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Poitou Donkeys

Poitou Livestock

Use of Poitou Donkeys:  Poitou Donkeys are mainly used as draft animals. Some breeders in the United States have trained their donkeys for harness. They don’t make good riding donkeys, because of their slow movement. Jacks are usually kept exclusively for breeding. Photo by Dusty Perrin.


Poitou Breed Profile


History of Poitou Donkeys:  Some historians believe that the Le Baudet de Poitou, as it’s known in France, existed as far back as during the Roman occupation in 54 BC. Owning this prestigious donkey was a considered a status symbol among the nobility of the Middle Ages. The Poitou Donkey was typically used for breeding, and often was crossed with the Mulassière horse to produce the Poitou Mule. The region, at its peak, produced 30,000 mules per year of very high quality and bred for France and the rest of Europe. These prized mules regarded as the finest working animal in the world. Poitou Donkeys were not gifted riding animals and were used purely for bloodstock. Their coat, called a cadanette, was highly prized by breeders. Genuine efforts were taken to ensure that the donkeys were not crossed with other donkeys or sold out of the region. As a result, the breed was kept pure for hundreds of years. The United States has a number of animals that are pure bred but not inscribed in the Studbook. FABBA (The Franco-American Baudet Breeders Association) was formed in 1999. They are linked with the ADMS (the American Donkey and Mule Society) as the official breeders liaison between the French Studbook and the American and Canadian breeders of Poitou Donkeys. In 1977, just 44 registered purebred donkeys were left in the world. Fewer than 400 currently exist worldwide. The Studbook of France, as stipulated by French law, must be properly inscribed for a donkey to be called a Baudet du Poitous or Poitou. All other donkeys, regardless of purity of breeding, may not use the name if they do not have official French papers.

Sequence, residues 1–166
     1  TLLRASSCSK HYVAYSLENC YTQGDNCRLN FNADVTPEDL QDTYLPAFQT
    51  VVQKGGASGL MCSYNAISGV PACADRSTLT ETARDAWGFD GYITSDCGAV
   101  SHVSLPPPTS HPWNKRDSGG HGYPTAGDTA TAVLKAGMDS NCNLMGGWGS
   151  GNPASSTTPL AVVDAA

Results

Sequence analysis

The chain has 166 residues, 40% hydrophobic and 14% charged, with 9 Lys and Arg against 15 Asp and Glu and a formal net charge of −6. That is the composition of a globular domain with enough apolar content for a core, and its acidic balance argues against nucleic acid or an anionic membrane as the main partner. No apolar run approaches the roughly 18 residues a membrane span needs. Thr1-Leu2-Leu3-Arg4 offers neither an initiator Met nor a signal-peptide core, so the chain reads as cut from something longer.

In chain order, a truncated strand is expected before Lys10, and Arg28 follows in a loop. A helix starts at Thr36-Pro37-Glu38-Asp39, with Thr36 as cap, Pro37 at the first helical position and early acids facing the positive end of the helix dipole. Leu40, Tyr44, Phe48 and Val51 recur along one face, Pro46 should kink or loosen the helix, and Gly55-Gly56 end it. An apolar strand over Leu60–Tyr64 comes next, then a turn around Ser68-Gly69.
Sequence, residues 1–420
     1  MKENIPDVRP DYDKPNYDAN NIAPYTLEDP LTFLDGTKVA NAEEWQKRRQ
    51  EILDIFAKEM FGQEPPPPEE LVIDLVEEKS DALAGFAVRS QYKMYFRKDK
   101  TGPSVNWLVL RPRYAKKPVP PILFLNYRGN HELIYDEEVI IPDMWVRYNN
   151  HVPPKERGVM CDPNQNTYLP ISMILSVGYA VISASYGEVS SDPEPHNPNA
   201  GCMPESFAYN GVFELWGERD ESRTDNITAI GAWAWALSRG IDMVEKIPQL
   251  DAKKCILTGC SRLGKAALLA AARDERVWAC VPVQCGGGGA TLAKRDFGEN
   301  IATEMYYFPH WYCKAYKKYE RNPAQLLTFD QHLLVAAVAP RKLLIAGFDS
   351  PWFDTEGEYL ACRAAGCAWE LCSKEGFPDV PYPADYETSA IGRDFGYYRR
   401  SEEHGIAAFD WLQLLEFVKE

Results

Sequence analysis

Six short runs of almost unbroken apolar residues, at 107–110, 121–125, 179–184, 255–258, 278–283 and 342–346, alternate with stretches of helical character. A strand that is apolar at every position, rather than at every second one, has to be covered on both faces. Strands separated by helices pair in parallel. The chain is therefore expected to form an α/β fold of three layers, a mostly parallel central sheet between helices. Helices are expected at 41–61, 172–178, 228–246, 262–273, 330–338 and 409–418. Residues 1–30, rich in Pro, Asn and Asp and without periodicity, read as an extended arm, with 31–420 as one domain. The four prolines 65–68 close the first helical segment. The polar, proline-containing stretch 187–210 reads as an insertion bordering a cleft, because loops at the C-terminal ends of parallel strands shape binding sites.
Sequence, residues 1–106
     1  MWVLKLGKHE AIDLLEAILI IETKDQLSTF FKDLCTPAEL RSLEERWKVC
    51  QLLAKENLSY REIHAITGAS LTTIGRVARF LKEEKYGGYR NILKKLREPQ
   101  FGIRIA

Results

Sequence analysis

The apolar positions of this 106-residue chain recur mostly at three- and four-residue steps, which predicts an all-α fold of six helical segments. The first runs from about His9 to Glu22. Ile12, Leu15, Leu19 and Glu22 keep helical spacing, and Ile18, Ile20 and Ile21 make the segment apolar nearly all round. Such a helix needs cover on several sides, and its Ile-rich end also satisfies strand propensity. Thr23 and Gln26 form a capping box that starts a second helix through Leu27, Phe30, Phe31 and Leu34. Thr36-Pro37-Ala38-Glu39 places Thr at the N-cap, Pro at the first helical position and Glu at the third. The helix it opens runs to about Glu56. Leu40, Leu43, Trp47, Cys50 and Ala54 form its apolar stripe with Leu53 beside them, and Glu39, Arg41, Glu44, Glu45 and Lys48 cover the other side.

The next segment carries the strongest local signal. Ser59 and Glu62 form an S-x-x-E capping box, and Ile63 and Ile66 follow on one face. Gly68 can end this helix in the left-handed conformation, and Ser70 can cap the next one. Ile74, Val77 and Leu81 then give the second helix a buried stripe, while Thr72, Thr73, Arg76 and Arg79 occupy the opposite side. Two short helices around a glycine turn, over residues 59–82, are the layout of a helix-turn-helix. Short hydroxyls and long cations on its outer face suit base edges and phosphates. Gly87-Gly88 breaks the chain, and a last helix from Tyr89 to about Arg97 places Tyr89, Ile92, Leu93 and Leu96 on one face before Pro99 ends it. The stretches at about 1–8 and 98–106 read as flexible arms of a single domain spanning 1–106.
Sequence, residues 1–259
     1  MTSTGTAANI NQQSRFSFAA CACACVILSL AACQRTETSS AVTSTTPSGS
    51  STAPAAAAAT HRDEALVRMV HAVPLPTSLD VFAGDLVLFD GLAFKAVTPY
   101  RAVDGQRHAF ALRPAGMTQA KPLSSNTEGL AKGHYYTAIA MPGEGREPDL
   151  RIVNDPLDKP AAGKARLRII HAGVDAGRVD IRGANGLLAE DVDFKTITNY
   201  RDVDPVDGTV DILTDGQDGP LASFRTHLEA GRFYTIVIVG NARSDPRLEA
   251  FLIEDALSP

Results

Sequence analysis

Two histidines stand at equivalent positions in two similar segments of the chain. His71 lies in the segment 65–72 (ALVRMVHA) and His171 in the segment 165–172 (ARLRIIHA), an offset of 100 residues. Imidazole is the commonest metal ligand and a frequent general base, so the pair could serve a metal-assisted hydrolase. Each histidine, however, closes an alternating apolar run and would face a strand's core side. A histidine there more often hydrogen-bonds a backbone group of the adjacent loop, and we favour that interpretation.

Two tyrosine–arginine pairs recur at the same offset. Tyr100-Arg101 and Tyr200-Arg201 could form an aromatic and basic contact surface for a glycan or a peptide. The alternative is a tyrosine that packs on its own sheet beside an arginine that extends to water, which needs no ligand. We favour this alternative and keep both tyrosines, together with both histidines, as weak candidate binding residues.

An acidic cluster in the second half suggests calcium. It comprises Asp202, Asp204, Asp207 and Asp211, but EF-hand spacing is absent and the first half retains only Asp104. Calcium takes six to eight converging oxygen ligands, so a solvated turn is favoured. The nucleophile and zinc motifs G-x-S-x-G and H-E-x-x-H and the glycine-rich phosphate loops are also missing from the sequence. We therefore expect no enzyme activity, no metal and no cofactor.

Conformation:  The Poitou is notable for its long, soft shaggy coat, which is a rich dark brown or black. The coat hangs in long cords, and bears no cross or stripe. The underbelly is gray and the nose and eye rings are white. The Poitou typically stands from 1.31 to 14.3 hands high. It has a large head and ears proportionate to its body. The donkey’s withers are low, and the back is flat and long. The haunches are round with a flat croup.

Special Consideration/Notes on Poitou Donkeys:  Today the Poitou Donkey is one of the most endangered breeds in the world.


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